What exactly is Hugo Chavez recovering from in Cuba? Two weeks ago, he underwent surgery for what he later described as a swelling in his pelvis. Initially, his spokesman said he would return to Venezuela in a few days. But after two weeks, there's no word when he will return, and Venezuelans are wondering if there's more to his medical problems than originally thought.
In Caracas, rumors have swirled that he may have actually been diagnosed with a life-threatening illness or, on the complete opposite end of the spectrum, that he suffered an infection after botched liposuction surgery. The once-fit baseball player has been looking paunchier lately.
Chavez didn't help matters when he called in to a state TV show on June 12 -- the only communication he has had since the surgery -- and said there were no "malignant" signs found.
"His choice of words was a red flag," a former Venezuelan health official told the Wall Street Journal, since a pelvic abscess is usually caused by an injury or infection -- nothing that would prompt a search for anything "malignant."
A pelvic abscess is also something of a mysterious diagnosis since it often doesn't take this long to recover from, the official said. In fact, the official said Chavez might still have to be hospitalized even after he returns to Venezuela -- another reason to suspect something more serious is going on.
Chavez's almost total radio silence has raised the most eyebrows. When healthy, it's not uncommon for him to break into television broadcasts and sporting events to give a lengthy lecture about the news of the day. He's also an avid tweeter. His account (@Chavezcandanga) went silent on June 4th until earlier today, when he marked a public holiday celebrating a 19th-century military victory by tweeting: "Today is my army's day and the sun rose brilliantly! A huge hug to my soldiers and to my beloved people."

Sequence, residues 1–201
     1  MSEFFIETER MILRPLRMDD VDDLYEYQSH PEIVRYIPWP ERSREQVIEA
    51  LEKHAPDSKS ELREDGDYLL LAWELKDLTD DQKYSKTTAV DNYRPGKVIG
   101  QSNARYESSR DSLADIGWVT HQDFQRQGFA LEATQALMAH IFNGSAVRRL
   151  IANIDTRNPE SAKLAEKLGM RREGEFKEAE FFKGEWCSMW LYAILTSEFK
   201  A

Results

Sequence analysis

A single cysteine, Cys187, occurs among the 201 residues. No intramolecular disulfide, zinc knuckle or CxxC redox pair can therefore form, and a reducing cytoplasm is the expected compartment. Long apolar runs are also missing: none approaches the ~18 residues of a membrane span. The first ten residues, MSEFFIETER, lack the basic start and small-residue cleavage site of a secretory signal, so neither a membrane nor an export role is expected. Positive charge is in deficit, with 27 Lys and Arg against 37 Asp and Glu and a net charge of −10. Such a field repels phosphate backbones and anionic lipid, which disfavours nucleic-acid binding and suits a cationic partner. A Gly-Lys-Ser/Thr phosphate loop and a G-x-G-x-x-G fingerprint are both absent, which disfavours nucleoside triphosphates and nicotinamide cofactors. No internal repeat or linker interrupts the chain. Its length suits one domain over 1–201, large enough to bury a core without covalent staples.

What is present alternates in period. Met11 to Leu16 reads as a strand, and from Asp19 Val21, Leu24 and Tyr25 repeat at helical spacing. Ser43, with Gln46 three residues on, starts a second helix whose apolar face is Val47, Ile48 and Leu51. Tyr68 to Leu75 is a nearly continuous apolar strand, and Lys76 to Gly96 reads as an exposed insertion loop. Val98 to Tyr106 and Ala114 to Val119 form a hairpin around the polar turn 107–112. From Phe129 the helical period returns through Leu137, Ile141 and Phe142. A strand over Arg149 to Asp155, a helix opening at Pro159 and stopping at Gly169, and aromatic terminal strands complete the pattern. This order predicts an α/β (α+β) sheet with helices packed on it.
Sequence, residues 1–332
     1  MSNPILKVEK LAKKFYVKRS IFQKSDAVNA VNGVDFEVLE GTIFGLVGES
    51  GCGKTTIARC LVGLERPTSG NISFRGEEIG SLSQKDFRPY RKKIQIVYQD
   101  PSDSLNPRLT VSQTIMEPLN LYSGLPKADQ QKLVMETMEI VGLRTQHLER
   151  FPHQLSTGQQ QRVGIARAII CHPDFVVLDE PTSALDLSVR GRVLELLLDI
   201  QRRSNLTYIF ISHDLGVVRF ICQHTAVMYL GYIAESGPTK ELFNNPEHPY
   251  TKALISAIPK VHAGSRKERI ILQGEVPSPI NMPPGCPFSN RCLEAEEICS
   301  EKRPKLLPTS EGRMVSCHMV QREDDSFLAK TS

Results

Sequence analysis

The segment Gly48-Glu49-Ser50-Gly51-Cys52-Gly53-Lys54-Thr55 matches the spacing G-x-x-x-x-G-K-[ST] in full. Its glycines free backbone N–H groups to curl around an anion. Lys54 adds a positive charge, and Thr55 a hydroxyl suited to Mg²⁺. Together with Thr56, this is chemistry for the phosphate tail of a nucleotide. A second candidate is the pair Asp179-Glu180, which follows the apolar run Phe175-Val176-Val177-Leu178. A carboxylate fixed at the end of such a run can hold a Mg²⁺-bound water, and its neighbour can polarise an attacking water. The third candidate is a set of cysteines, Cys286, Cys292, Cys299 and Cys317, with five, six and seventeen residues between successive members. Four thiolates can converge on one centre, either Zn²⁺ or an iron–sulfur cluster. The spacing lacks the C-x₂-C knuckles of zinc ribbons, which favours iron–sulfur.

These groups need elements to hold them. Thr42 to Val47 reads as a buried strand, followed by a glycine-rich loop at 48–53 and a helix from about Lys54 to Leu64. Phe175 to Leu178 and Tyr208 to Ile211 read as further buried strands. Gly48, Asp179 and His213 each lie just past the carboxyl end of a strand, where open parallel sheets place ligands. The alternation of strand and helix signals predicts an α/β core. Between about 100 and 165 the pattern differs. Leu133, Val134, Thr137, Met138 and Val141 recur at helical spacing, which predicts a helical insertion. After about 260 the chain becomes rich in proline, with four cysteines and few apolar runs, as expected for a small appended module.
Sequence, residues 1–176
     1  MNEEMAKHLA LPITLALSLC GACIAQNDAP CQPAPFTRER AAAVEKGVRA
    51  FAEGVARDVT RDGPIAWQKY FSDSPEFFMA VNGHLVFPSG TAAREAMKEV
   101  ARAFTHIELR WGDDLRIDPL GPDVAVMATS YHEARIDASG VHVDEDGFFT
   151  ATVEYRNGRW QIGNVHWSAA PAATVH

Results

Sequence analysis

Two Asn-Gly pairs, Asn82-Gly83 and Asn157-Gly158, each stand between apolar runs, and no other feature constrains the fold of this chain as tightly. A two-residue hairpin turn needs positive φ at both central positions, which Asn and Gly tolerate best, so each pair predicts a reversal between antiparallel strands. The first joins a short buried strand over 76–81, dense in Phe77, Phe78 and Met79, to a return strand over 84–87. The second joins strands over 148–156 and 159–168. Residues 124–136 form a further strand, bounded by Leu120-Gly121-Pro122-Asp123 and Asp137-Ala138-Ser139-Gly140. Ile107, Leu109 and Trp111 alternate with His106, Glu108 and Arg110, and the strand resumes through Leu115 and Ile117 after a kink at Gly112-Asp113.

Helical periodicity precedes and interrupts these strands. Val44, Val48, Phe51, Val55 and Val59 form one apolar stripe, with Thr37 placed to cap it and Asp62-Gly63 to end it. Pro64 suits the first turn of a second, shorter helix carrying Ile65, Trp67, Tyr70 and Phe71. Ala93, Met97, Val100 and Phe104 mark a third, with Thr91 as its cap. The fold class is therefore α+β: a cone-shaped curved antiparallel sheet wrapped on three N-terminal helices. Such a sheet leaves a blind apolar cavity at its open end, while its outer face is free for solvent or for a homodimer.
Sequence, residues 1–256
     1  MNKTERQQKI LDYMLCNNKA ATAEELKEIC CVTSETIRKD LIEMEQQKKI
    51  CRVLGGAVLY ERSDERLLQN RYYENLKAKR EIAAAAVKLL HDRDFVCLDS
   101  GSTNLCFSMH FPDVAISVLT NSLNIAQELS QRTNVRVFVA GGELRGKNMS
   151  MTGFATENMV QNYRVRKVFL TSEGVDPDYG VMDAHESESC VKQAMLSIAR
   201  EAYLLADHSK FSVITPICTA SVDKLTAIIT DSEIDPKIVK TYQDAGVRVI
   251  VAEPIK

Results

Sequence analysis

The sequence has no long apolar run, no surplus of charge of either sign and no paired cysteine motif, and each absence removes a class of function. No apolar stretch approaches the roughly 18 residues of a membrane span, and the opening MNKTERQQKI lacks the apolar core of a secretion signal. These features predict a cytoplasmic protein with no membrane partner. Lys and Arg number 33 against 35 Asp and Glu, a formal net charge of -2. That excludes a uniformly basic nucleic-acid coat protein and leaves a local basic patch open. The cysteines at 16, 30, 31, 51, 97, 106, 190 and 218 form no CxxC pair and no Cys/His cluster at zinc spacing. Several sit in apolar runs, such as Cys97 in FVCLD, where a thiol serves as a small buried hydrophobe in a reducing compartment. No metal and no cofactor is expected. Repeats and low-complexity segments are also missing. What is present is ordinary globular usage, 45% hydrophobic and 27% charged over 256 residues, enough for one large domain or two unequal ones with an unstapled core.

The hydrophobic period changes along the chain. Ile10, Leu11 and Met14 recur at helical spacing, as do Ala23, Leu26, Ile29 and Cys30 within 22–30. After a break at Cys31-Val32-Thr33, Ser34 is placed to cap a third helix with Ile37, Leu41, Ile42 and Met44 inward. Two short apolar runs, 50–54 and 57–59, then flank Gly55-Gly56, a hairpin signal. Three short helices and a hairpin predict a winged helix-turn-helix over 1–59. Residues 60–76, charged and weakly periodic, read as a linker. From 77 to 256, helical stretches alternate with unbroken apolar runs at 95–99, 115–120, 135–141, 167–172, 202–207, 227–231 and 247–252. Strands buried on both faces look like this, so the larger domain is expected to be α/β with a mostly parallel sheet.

But why no further tweets for the past two weeks, nor an appearance on television, save for one phone interview? There is certainly plenty going on back home worthy of comment. A prison riot in Guatire, outside Caracas resulted in the deaths of 25 people, and the government was forced to bring in 5,000 soldiers to reestablish order. The country also experienced an electricity crisis that has closed thousands of businesses, schools, and hospitals due to blackouts and power rationing.
The opposition has complained about the lack of transparency surrounding Chavez's condition. One opposition newspaper editorialized this week that "incompetent Cabinet ministers are turning this into a complete mystery or a state secret that creates uncertainty and anxiety within the population."
There's a political calculus that might be at play for Chavez and his allies. With elections coming next year, he may not want to appear weak in public. And some analysts also believe the government might be preparing a triumphant homecoming -- whenever he actually makes it home.
"The vacuum now will amplify the magic of his return...to show that Superman overcomes all adversities," wrote Venezuelan pollster Luis Vicente Leon.
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